Before the disintegration of the Soviet Union in 1991, the Russia of the 80s was crazy about Bappi Lahiri’s ‘Jimmy Jimmy, aaja aaja‘, a popular disco pop from Mithun Chakravarty’s Disco Dancer. The largest country in the world, starved of any ‘western’ popular culture, heard and grooved to Lahiri’s version of the disco, which came with glittery bell bottoms, hundreds of twinkling light bulbs, pelvic moves accompanied by synths, horns, rhythm guitars and syncopated basslines.
Lahiri, 69, who heralded disco pop and ruled the 70s and 80s with a string of chart-topping songs in India, passed away in Mumbai on Tuesday of obstructive sleep apnea. The singer had been in the hospital for almost a month and had returned home on Monday. He is survived by son Bappa Lahiri and daughter Rema Lahiri.
Lahiri’s music came from his parents who he grew up listening to – Bengali singers Aparesh Lahiri and Bansuri Lahiri – in Jalpaiguri in West Bengal, and his maternal uncle, actor and playback singer Kishore Kumar. After learning the basics of classical music from his parents, including some training in tabla, Lahiri moved to Mumbai when he was 19 and began creating music in an industry, which at the time was under the influence of the melodies from RD Burman, Laxmikant-Pyarelal and Kalyanji-Anandji. among others.
He may have begun his career with compositions for Bengali film Daadu, but his Bollywood debut came two years after he set foot in Mumbai with Nanha Shikari (1973) starring actors Deb Mukhrjee and Tanuja. Directed by Tanuja’s husband Shomu Mukherjee, the film didn’t do too well on the musical charts. After a few unsuccessful attempts, Lahiri finally hit it out of the park with three films in three years – Zakhmee (1975), Chalte Chalte (1976) and Aapki Khatir (1977).
While ‘Aao tumhe chand pe le jaayen‘ (Zakhmee) sung by Lata Mangeshkar was noticed, it was Asha Bhosle and Kishore Kumar’s ‘Jalta hai jiya mera‘ that had the nation swinging to it. Then came ‘Kabhi alvida na kehna‘, the title song for Chalte Chalte that was to become the farewell song for years to come followed by the fun ‘Bambai se aaya mera dost’.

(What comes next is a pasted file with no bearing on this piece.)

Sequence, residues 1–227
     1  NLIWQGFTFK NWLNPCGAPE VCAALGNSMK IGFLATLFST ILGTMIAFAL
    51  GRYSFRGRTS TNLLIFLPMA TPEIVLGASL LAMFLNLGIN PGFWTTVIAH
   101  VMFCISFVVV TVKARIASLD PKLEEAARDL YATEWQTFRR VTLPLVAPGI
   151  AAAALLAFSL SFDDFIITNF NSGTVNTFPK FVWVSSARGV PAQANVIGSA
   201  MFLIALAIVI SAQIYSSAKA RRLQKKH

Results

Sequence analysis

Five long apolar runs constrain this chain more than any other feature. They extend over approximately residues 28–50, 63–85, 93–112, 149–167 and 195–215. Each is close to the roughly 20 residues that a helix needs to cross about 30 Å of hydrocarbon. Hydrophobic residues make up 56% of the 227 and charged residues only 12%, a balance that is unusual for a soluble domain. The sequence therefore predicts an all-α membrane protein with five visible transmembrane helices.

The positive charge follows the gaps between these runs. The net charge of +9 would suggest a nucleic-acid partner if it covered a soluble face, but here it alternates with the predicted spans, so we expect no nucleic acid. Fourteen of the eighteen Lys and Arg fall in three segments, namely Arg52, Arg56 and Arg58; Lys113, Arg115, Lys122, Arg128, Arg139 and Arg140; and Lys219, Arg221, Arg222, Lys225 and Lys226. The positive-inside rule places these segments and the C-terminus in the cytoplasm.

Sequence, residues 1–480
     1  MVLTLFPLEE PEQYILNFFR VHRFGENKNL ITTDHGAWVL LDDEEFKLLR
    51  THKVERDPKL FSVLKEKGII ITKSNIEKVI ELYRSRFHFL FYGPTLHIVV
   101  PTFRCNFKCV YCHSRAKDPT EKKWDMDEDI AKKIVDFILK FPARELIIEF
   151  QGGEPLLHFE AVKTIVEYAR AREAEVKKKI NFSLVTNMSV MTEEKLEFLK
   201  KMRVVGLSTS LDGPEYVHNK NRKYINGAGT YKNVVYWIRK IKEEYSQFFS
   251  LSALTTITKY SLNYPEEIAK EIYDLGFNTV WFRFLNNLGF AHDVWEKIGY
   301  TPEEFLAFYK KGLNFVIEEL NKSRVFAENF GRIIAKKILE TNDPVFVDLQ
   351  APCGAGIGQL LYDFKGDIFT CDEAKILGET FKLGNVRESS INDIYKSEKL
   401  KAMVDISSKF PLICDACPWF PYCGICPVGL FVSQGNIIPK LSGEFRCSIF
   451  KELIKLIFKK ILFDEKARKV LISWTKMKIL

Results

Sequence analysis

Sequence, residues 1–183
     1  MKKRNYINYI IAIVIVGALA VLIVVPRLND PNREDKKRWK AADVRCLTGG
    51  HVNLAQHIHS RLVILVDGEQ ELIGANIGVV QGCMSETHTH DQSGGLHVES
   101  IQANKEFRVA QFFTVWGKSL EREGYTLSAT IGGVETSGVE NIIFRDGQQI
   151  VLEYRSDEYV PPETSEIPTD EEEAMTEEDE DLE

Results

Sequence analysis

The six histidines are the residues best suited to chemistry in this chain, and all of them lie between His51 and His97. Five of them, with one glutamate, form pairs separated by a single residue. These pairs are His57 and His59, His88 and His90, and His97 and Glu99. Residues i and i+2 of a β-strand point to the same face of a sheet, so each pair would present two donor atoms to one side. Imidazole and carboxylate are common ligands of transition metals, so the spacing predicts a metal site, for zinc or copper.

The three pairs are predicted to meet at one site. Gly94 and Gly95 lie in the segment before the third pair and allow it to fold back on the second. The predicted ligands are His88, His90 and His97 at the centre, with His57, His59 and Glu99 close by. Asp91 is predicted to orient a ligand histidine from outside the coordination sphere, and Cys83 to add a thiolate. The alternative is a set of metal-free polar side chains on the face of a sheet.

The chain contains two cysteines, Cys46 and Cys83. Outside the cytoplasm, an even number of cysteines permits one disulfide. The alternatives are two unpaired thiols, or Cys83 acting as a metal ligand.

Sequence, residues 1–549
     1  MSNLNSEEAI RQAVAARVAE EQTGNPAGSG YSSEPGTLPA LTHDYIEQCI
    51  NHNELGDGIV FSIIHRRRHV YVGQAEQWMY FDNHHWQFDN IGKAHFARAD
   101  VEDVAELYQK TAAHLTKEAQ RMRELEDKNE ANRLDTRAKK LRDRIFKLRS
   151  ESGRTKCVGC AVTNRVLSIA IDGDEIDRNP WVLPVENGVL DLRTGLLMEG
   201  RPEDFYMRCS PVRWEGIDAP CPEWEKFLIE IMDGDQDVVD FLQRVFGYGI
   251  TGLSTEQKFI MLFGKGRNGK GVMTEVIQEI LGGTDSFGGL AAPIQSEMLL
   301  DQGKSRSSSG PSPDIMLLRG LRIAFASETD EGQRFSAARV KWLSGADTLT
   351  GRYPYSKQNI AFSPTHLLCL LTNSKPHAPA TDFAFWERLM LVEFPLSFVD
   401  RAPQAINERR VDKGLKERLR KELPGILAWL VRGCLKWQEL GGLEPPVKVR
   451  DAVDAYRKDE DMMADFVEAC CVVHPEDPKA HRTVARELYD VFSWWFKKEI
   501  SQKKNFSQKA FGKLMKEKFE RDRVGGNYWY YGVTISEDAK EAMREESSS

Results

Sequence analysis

But Lahiri was yet to hit his commercial peak. That came in the 80s. Besides the chartbusting hits of Disco Dancer (1982), there was Namak Halal (1982), Himmatwala (1983) and Sharaabi (1983). Much of Amitabh Bachchan’s film success in the 80s can also be credited to Lahiri and his unique songs such as ‘De de pyaar de’ and ‘Ke pag ghunghroo baandh’. These songs had unique personalities and extended themselves to the actors that portrayed them. Then there was ‘Kaliyon ka chaman’ (Jyoti, 1981), the Lata Mangeshkar song which became more famous as a remix in the 2000s. Lahiri’s range also extended to ghazals, a genre that rose to popularity in the 80s in India. His composition ‘Kisi nazar ko’ (Aitbaar, 1985) is still celebrated for being one of the finest film ghazals. Lahiri also enjoyed singing and sang often for himself as well as other composers. ‘Yaar bina chain’ (Saaheb), remains one of his most popular ones, apart from ‘Ooh la la’ (The Dirty Picture) and ‘Bambai nagariya’ (Taxi no 9211) both of whom were composed by composer duo Vishal-Shekhar.
While the 80s aren’t considered the finest years in terms of Hindi cinema music, Lahiri’s melodies were incalculably influential, turning him into a pioneer of disco in India. He was the first Indian composer to make it to the Grammy Jury in 2012 and had a brief stint with politics. He joined the BJP in 2014 and fought the Lok Sabha election but lost. But Lahiri will forever be known as the musician who brought disco to the mainstream and catapulted the rise of it.
If one were still to visit Russia and sing ‘Jimmy jimmy’, the Russians are likely to reply with ‘Aaja aaja’. And that’s the impact Lahiri leaves us behind with.